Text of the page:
‘The Pedestrians’ by Rachel Zucker

rachel zucker
  • COLDFRONT RATING: four
  • PUBLISHED BY: Wave Books, 2014
  • REVIEW BY: Kathleen Rooney

zucker the pedestriansYou don’t really become aware of how much contemporary poetry relies on lazy mystification until you read something that doesn’t engage in it at all.

Rachel Zucker’s The Pedestrians is such a book. Rather, two books. Split into sections of roughly equal length, the 141-page collection is divided first into a book called “Fables” and second into one called “The Pedestrians.” The former consists of five fairly long, lyrical prose pieces and the latter of 43 poems, most of them lineated and some of them in prose, including several that are framed as dreams. What causes their being published under one cover to make sense is that both depict a process of unknowing or an unwinding of illegitimate—or perhaps just imposed—forms of knowledge.

One of the pieces of knowledge that both books unwind is the commonplace that humans are different from and hierarchically superior to animals. Many poets currently writing choose to plop animals into their poems to give a mystificatory sense of non-human strangeness—as a softly surreal way to indicate an inability to understand the natural world, or anything really. Zucker, on the other hand, is essentially suggesting that we are more like non-human animals than we are different from them, or at least that most of our differences with the animal kingdom come from stories we’ve made up about ourselves.

The first book, “Fables,” is dedicated to Zucker’s husband: “For Joshua, my animal.” This invocation is an early indicator that in these pages, animals are not going to be used merely as signifiers, but rather that they are key to the book’s ideas and themes.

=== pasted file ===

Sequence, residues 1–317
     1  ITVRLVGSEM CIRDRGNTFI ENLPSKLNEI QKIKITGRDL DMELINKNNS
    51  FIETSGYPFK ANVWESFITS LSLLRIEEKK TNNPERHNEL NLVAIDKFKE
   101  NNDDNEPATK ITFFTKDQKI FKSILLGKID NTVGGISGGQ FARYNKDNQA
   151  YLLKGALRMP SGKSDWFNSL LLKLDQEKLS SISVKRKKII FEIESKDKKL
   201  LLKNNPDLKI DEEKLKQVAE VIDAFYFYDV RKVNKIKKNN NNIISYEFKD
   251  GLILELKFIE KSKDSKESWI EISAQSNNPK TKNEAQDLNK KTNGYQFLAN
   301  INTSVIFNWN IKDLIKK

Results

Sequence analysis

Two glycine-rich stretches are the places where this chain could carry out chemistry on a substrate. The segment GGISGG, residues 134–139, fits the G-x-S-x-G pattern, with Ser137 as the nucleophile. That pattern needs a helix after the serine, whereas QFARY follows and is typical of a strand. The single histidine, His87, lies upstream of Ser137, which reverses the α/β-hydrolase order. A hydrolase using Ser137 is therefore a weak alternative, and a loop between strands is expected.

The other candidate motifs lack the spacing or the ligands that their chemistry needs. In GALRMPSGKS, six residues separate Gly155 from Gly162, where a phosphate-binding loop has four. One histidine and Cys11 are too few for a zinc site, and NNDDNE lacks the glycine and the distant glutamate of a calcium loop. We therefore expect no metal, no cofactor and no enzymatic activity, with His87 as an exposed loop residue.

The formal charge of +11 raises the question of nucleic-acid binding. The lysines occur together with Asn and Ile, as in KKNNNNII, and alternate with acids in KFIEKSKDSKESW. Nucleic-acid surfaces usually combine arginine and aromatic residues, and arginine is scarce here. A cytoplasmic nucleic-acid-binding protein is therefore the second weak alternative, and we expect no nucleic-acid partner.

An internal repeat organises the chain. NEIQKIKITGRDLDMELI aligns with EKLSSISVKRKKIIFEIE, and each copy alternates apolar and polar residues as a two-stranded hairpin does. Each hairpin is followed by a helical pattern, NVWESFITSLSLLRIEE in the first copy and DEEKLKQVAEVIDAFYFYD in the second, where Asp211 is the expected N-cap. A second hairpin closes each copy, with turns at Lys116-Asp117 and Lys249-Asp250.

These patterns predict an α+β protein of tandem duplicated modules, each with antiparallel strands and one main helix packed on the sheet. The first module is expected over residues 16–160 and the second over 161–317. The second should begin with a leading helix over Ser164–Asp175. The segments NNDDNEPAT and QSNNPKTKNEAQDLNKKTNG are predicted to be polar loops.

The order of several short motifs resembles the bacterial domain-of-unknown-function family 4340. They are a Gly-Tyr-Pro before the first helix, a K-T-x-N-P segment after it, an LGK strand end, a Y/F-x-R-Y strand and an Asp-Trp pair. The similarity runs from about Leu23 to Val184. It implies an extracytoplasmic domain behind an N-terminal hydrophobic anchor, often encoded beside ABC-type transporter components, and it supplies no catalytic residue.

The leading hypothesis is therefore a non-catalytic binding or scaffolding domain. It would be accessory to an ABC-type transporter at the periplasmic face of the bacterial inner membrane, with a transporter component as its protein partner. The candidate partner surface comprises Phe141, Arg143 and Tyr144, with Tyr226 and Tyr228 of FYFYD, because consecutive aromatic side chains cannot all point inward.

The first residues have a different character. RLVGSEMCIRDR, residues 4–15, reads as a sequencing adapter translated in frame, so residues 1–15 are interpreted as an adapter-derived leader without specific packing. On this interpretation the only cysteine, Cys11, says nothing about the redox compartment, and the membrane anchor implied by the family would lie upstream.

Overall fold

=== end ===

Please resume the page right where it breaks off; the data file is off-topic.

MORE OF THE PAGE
Fable comes from the French which can mean “story” or “tale,” as well as “lie” or “falsehood.” Sometimes, the move of writing in a deliberately childlike, simple story-telling manner can feel like an empty posture. But done well, the fables are more like the Latin “fabula,” meaning “account” or “that which is told.” While Zucker’s fables are telling, her fables are moral-less. Spare and third person, the prose poems focus largely on places, but archetypal ones: “The Other City,” “Ocean,” “Apartment,” “Mountains.” A reader can tell that the city is Paris, but that’s not the point so much as the realization that “everyone in her city was exactly like everyone in this city and that they were all animals and that animals can only be animals.”

This book, like any good one, is full of clues as to how it’s to be read, and Zucker even suggests the importance of this archetypality by having her protagonist sit on the patio with “the big red book resting on her legs” reading Jung, and quoting him: “One should not turn people into sheep, but sheep into people.” And moral-less though they may be, her fables are not idea-less, and their ideas make them delightful, ideas like whether “peacefulness was antithetical to makefulness” and “If there was a present—and she was not sure that there was—it was made of anger.”